Yandex is a Russian tech giant that has its fingers in many pies, from food delivery to online search through to e-commerce and voice assistants. Often described as ‘Russia’s Google’, it’s also been busy developing driverless vehicles and testing them in cities such as Moscow, Las Vegas and Tel Aviv.
Artem Fokin is the Head of Business Development at Yandex self-driving cars. He’s been talking to Auto Futures about why his company entered the self-driving space.
“Machine learning is the base for all Yandex products, our computer vision is tested on billions of image search queries, we also have our own maps and navigation. In addition to that we have top-notch engineers, infrastructure and our own ride-hailing service, already operated in 17 countries,” Fokin tell us.
He adds: “It took us less than two years to go from early tests to a robo-taxi service without a driver behind the steering wheel. We made some calculations and it looks like it would take us at least a year more if we started everything from the scratch.”
“A streamlined avenue for producing self-driving cars at scale.”
In March 2019, Yandex and Hyundai Mobis agreed to jointly develop control systems for Level 4 and Level 5 autonomous vehicles and a new autonomous driving control system delivered as a solution intended for a wide variety of automotive platforms.
They are now collaborating on a self-driving prototype of a 2020 Hyundai Sonata.
“We’ll be working together to develop software and hardware systems for self-driving cars. The ultimate goal of this collaboration will be to create a self-driving platform that can be used by any car manufacturer or taxi fleet. Cooperating with a world class automotive supplier gives us a streamlined avenue for producing self-driving cars at scale.
“Hyundai Mobis’ expertise in safety technology will also ensure our self-driving cars meet the highest standards for passenger safety.”
Pilots and Milestones
Over the past few years, the company has already begun testing its technology. Since it first started operating on public roads in December 2017, it’s now reached the milestone of one million miles.
In the Russian’s university city of Innopolis, residents have been offered free rides in a driverless taxi. Passengers can order rides to multiple set destinations in the city such as the university, the stadium, residential blocks, and the local business centre.
“With the development of the technology, the territories where our cars can drive in fully autonomous mode will be expanding. First to the outskirts of big cities, then to specific districts of big cities and finally in dense traffic of megapolis centres. We expect the last stage to be reached in 3-5 years. The time when we’ll be able to start charging for rides depends on when the regulations allow us to do that.”
Fokin says the best way to reassure the public about self-driving is to share statistics. “As soon as self-driving cars compete millions of miles with significantly smaller number of accidents compared to human-driven miles, it will be the best proof of safety.”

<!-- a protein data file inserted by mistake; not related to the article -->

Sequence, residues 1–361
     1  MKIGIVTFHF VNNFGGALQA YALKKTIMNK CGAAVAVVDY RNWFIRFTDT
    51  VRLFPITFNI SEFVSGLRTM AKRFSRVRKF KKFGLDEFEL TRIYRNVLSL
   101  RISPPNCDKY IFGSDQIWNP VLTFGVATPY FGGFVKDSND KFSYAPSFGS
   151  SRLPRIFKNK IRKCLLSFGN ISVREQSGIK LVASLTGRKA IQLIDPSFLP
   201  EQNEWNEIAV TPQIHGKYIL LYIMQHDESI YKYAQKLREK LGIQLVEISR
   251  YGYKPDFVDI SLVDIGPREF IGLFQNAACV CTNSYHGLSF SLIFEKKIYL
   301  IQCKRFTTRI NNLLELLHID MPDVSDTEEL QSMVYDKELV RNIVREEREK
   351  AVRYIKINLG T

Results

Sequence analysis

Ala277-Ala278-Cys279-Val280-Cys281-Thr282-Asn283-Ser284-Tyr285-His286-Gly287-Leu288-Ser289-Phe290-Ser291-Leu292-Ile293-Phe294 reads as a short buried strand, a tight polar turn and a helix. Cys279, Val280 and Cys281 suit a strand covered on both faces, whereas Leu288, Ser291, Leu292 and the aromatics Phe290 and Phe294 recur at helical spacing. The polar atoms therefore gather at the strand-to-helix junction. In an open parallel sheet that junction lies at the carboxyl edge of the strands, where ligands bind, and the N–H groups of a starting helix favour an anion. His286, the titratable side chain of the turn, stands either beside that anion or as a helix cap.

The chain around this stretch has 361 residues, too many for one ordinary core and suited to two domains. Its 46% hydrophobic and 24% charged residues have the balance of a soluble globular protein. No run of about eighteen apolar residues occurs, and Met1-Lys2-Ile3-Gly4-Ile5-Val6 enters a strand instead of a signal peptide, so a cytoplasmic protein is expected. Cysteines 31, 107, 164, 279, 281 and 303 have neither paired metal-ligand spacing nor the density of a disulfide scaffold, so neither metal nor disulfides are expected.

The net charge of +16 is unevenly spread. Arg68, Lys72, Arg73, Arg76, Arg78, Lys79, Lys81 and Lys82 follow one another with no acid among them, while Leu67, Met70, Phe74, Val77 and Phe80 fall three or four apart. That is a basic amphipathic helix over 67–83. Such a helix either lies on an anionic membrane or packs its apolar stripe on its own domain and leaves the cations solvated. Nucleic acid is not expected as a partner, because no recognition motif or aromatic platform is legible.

Rovers Roaming on the Sidewalks
Earlier this year, Yandex unveiled a delivery robot that can intelligently and autonomously deliver packages. It’s called Yandex.Rover after the classic lunar landing vehicles. It’s a suitcase-sized vehicle that can navigate along its route on city sidewalks at a walking pace. It’s based on the same technology as the self-driving cars.
“The rover moves completely autonomously. It can recognize objects, plan the route, stop for pedestrians or animals, and avoid obstacles. Thanks to its lidar, it can confidently move even in the dark. Yandex.Rover utilizes our achievements in self-driving. We have adapted our existing technologies for new challenges and a new vehicle with a different set of sensors.”
A number of rovers are already on the road, carrying packages around the company’s headquarters in Moscow.
Fokin says that the Yandex.Rover fits seamlessly into the Yandex ecosystem. “It can be delivering orders for restaurant delivery service Yandex.Eats, groceries for local grocery delivery service Yandex.Lavka, goods for online marketplace Beru, or operating across the company’s warehouses.”
Fokin tells us that, following the testing period, Yandex.Rover might become available for other companies to purchase.
Global Shifts in Mobility
As for the future, Fokin sees several trends in urban mobility. “One is the growing popularity ride-hailing and car sharing services, and they seem to be among the first to join the shift to self-driving. It’s already economically reasonable, self-driving taxi fleet is easier to plan and manage, and the level of service and safety will always be equally high.”
He concludes: “Automation is a global trend in general. Routine tasks will be constantly getting automated, leaving humans more time for interesting and creative activities.”